The amount of heat absorbed in the formation of solution that contains one mole of solute, the value is positive if heat is absorbed (endothermic) and negative if heat is released (exothermic).
- Chemical Safety
People use chemicals every day for a wide array of purposes, which can include work and house hold duties. Many of us fail to realize that we are actually handling potentially deadly chemicals when we simply clean the bathroom or wash the car. This brings to mind the reason why chemical safety is...
- Protein Design: Automated protein discovery and synthesis
In this paper I describe (theoretically) the method(s) of automated protein discovery and synthesis.
- Features of the Scanning Tunneling Microscope
The scanning tunneling microscope (STM) invented by Heinrich Rohrer and Gerd Binnig in the 1980s still manages to do a great job today and competes with more advanced microscope types. The scanning tunneling microscope is used for studying the surface atoms that are found on various materials. The...
- Diamonds Are Forever
Diamonds are still a girl's best friend, right? We love the shiny gems. They are the most popular rocks sold today. But what exactly are they, anyway? Where do they come from? What else are they used for?
- Harmful Chemicals Found In Food
It's getting close to New Years and many people are starting to think about how to lose those extra pounds they managed to gain over the holidays. There are many sorts of diets and fads that have developed over the years from cutting carbs to cutting protein. Everyone has their own opinion as to...
The concept in which two or more equivalent dot formulas for the same arrangement of atoms (resonance structures) are necessary to describe the bonding in a molecule or ion.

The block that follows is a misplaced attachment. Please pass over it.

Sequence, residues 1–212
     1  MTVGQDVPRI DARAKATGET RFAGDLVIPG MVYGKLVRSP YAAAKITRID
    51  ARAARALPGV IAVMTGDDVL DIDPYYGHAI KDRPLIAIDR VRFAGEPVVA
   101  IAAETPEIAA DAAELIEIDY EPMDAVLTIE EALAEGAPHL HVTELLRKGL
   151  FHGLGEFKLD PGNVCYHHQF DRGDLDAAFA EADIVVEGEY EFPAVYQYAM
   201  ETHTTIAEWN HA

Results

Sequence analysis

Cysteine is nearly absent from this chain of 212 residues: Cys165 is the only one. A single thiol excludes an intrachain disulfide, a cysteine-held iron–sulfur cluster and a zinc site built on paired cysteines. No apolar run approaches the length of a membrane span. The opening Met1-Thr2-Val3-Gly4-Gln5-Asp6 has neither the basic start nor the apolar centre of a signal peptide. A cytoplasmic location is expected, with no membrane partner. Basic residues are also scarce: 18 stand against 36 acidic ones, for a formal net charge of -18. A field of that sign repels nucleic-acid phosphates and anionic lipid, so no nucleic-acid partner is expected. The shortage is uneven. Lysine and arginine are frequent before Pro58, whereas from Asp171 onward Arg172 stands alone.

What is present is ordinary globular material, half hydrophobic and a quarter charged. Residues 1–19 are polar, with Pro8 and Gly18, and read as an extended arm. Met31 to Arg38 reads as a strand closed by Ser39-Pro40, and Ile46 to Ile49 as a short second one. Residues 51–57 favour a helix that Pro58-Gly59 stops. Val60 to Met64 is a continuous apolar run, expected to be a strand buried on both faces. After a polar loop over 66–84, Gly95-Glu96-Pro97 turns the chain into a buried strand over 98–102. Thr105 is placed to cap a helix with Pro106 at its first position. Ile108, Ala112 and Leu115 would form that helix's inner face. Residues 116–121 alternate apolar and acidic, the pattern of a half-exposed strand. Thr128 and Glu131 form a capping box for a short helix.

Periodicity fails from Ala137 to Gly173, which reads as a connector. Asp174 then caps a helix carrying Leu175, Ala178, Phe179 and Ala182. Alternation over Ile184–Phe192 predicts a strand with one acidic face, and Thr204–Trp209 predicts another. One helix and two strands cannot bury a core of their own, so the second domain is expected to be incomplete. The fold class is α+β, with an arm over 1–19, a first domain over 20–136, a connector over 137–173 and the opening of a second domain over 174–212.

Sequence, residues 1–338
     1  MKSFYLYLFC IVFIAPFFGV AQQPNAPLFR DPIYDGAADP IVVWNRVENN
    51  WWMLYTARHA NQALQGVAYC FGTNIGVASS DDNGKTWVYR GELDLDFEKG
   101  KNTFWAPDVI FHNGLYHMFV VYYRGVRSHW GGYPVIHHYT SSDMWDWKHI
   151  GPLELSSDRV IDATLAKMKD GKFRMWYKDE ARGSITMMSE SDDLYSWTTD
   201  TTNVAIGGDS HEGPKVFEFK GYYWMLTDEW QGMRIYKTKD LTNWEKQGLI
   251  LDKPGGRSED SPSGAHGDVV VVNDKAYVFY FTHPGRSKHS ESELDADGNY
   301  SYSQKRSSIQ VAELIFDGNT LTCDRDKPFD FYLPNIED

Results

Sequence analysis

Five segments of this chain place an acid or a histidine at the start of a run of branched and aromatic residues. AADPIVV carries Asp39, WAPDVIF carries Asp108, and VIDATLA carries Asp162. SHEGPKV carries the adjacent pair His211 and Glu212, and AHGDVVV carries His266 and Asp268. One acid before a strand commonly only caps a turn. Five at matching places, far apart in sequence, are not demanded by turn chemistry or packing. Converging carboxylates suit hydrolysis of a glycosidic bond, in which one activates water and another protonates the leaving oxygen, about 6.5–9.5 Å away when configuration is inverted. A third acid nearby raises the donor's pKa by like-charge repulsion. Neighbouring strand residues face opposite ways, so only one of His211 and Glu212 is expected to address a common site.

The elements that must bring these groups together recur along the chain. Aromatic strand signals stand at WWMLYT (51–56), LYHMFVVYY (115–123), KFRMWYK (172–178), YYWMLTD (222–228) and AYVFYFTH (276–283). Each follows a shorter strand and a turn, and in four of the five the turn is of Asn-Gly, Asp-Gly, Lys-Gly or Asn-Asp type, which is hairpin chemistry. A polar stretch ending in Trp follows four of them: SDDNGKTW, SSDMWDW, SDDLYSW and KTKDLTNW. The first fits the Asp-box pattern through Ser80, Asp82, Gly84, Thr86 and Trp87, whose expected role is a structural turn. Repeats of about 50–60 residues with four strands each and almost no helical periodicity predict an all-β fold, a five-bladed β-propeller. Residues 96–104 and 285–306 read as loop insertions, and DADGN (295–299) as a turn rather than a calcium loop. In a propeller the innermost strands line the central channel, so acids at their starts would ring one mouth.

Integral number of protons in the nucleus, defines the identity of element.
Diagram that shows equilibrium temperature-pressure relationships for different phases of a substance.
The lowest energy state or most stable state of an atom, molecule or ion.
Molecular orbital resulting from head-on overlap of two atomic orbitals.
Law of Definite Proportions (Law of Constant Composition)
The law stating that a pure substance will always have the same percent by weight. Different samples of a pure compound always contain the same elements in the same proportions by mass.
Oxidation of metals in the presence of air and moisture.
A term used to describe molecules and polyatomic ions that have one atom in the center and four atoms at the corners of a square.
Regular periodic variations of properties of elements with atomic number (and position in the periodic table).
Transition State Theory
Theory of reaction rates that states that reactants pass through high-energy transition states before forming products.
The metal ion and its coordinating ligands but not any uncoordinated counter-ions.
A colorless, crystalline compound, XeF4, prepared by heating a gaseous mixture of fluorine and xenon.
Equilibrium or Chemical Equilibrium
A state of dynamic balance in which the rates of forward and reverse reactions are equal, the state of a system when neither forward or reverse reaction is thermodynamically favored.
A common type of dry cell.
Attractive interactions between polar molecules, that is, between molecules with permanent dipoles.
Hydrolysis of esters in the presence of strong soluable bases.
A positive ion, an atom or group of atoms that has lost one or more electrons.
The degree of polymerization, the average number of monomer units per polymer unit.
An ionization reaction between identical molecules.
Crystal Field Theory
Theory of bonding in transition metal complexes in which ligands and metal ions are treated as point charges, a purely ionic model, ligand point charges represent the crystal (electrical) field perturbing the metal?s d orbitals containing nonbonding electrons.